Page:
A more interactive, more useful web, whether we individually choose to participate or not, is reality.
    meh1309
    • 1 Vote for the uncomputer!

      Meh,

      I agree. Read/Write is simply facilitated by some of the "new collection" of APIs. Not all APIs are read/write. And, of Web 2.0? Well, as far as I can tell, HTTP (version 1.1) hasn't changed since the year 2000 (see http://www.w3.org/Protocols/Activity.html#current).

      db
      dberlind
  • They are trying to turn computing into a service model, NO THANKS!!!

    5 good reasons why Web 2.0 sux:

    1) I like my computer/programs to run even when I am not connected to the internet.(usually on my laptop)
    2) I dont want to pay a monthly service charge for using a program I have already bought.
    3) Programs running locally will always be faster and more feature rich than a web based program.(Just look at Gmail vs Thunderbird)
    4) I like my privacy, with the service computing model, its too easy for companies to invade my privacy.
    5) Today, when you buy a program, you OWN it. With the service model, they can change the license agreement at will. DRM sucks for the consumer.
    xunil skcor
    • Yes, just look at

      5) ...they can change the license agreement at will...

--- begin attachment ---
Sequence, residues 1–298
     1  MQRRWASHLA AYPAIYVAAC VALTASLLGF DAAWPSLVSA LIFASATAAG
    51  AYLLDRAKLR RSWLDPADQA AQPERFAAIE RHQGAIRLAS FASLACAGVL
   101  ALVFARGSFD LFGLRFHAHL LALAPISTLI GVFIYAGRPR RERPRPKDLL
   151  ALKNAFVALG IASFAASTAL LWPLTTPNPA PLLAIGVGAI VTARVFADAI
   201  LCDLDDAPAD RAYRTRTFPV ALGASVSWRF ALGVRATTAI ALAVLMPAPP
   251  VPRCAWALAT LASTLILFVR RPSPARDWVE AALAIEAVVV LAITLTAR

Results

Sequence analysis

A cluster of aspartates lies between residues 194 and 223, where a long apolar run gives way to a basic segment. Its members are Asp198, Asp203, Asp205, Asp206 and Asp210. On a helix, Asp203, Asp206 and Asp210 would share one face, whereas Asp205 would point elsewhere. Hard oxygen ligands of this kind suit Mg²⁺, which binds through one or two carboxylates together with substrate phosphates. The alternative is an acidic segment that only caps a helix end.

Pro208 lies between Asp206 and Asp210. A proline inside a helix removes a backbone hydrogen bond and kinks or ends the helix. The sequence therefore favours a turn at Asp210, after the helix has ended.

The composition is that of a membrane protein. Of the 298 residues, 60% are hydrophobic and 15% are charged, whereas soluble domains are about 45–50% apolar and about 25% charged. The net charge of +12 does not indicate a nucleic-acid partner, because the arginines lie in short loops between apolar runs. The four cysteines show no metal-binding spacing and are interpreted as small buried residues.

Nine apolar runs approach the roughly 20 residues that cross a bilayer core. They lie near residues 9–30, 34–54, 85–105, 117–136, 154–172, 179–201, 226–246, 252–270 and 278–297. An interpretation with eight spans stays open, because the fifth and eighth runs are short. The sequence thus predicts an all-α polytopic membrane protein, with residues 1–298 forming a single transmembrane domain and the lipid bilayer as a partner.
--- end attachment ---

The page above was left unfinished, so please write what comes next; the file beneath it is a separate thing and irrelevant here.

Just look at pensions. They can change the rules at any time. 30 years later...whoops...you no have any retirement. Go back to work for another 30 years.

      You owned a copy of Word for 10 years and it enabled you to write and save documents all that time? Whooooops. Well, now we need more money, so if you still want that capability, you need to pay more money. PAY MORE MONEY.
      ordaj9
      • Big windows

        ..they saw you coming.

        ..You owned a copy of Word for 10 years and it enabled you to write and save documents all that time? Whooooops.....

        Who exactly are you paying to use Word 6.0?
        Or any other version?

        A fool and his/her/it money.......

        Joe
        seosamh_z
    • Sort of...but slightly mistaken...